Wine, Brandy & Spirits
Prime growing conditions and favorable clay-loam soils have fostered Oregon's rapid emergence as one of the world's ﬁnest wine-growing regions.
A 30-minute drive from downtown puts travelers on the doorstep of the scenic Willamette Valley wine country, making winery tours a popular activity for Portland visitors.
The logical next step for many Oregon craft brewers?
Distilling liquor with the same dedication to quality and willingness to playfully experiment that they've employed when making beer.
House Spirits, recognized for its Medoyeff Vodka and Aviation Gin, was founded by two former brewers who wanted to stamp the taste
and flavor of the Pacific Northwest onto their versions of vodka, gin, rum and whiskey.
One of the first players on Portland's distilling scene was Clear Creek Distillery, which made its debut in 1985.
Using local fruit, much of which is grown in his family's orchards in nearby Hood River, Ore., C
lear Creek distiller/owner Steve McCarthy turns out a variety of products — eau de vie, grappa, whiskey, liqueurs and brandy —
cited by The New York Times Magazine as "what many experts believe to be the best fruit brandies ever made in the U.S."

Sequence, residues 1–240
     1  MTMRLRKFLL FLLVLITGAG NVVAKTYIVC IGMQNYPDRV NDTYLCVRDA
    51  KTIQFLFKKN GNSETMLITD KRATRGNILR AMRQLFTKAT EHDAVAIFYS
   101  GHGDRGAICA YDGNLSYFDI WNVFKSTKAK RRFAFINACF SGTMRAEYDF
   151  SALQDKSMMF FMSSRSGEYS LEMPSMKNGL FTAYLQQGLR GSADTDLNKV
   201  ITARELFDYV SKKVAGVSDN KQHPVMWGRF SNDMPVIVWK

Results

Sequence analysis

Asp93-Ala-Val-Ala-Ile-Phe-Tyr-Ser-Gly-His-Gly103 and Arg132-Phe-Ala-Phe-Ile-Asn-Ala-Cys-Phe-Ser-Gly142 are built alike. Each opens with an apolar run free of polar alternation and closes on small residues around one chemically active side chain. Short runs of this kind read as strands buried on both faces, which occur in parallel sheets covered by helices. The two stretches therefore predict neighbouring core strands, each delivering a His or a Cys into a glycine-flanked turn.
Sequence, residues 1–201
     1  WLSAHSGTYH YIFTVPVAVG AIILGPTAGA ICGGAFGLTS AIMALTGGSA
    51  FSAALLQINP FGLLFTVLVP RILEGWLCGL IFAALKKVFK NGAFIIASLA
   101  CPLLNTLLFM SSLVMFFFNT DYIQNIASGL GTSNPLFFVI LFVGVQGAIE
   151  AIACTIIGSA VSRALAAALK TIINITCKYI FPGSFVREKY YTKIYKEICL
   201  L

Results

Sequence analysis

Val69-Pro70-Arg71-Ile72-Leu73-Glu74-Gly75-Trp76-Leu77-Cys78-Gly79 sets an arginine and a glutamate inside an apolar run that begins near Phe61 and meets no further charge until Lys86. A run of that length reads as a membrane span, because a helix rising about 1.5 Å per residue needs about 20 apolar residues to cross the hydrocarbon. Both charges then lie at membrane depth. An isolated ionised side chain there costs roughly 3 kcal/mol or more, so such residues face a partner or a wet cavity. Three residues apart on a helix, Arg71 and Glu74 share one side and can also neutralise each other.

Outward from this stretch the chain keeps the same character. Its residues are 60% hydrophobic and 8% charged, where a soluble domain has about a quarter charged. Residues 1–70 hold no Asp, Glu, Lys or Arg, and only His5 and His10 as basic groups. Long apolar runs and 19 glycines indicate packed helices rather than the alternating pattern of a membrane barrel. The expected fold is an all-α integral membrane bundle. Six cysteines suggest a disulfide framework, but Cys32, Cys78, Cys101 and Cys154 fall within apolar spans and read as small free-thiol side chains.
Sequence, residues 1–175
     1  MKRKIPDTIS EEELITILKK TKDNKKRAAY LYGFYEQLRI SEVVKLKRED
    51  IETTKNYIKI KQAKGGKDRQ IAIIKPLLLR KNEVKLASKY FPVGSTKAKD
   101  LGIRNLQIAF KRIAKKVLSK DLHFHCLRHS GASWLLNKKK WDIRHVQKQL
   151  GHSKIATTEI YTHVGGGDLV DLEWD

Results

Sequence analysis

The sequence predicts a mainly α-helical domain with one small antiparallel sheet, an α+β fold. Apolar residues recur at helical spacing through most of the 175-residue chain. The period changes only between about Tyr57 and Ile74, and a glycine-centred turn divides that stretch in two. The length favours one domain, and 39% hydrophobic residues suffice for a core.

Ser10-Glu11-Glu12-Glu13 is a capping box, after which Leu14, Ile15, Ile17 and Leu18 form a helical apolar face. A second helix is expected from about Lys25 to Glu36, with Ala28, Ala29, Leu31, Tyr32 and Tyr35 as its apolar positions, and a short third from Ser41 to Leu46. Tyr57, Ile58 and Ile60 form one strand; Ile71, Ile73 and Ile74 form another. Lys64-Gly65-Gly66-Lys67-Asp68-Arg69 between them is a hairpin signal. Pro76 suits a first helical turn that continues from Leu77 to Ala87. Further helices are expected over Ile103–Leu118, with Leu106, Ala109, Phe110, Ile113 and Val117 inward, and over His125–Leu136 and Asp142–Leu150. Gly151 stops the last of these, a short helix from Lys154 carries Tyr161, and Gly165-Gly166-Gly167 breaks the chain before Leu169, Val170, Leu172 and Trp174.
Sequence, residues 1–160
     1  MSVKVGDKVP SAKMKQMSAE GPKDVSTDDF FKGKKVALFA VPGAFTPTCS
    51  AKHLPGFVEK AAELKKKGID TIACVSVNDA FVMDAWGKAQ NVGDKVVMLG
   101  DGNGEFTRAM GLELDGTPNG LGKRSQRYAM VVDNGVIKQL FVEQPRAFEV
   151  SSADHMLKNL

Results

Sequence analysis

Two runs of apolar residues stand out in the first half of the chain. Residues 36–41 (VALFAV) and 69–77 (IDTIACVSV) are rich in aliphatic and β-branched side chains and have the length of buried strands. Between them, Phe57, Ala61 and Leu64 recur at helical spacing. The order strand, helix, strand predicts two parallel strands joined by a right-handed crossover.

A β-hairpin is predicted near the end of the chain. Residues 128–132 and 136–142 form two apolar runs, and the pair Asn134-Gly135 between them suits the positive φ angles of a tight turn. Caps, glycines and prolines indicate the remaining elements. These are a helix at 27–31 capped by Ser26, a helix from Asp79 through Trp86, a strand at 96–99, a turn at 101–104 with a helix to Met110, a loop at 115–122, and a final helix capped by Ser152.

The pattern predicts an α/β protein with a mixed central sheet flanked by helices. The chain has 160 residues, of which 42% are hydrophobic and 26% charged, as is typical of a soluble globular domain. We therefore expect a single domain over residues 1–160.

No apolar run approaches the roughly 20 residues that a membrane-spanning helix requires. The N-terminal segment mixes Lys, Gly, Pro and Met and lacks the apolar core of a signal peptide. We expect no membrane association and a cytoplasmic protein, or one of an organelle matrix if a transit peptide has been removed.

Clear Creek's piece de resistance is its stunning Pear-in-the-Bottle brandy, which features a nearly perfect, fully grown pear inside each bottle.
Why not Saké?
After all, next to rice, the most important ingredient in this fermented alcoholic beverage is water,
and we've got plenty of that. SakéOne in Forest Grove, Oregon, is the world's only American-owned and operated sakéry.
Produced there are premium traditional sakés,
as well as fruit-infused sakés. Premium saké, that is, the really good stuff, is served chilled, like white wine.
A word to the wise: Our friends at SakéOne tell us that lesser quality sakés are often heated to mask their shortcomings.
SakéOne in Forest Grove, Oregon, is the world's only American-owned and operated sakéry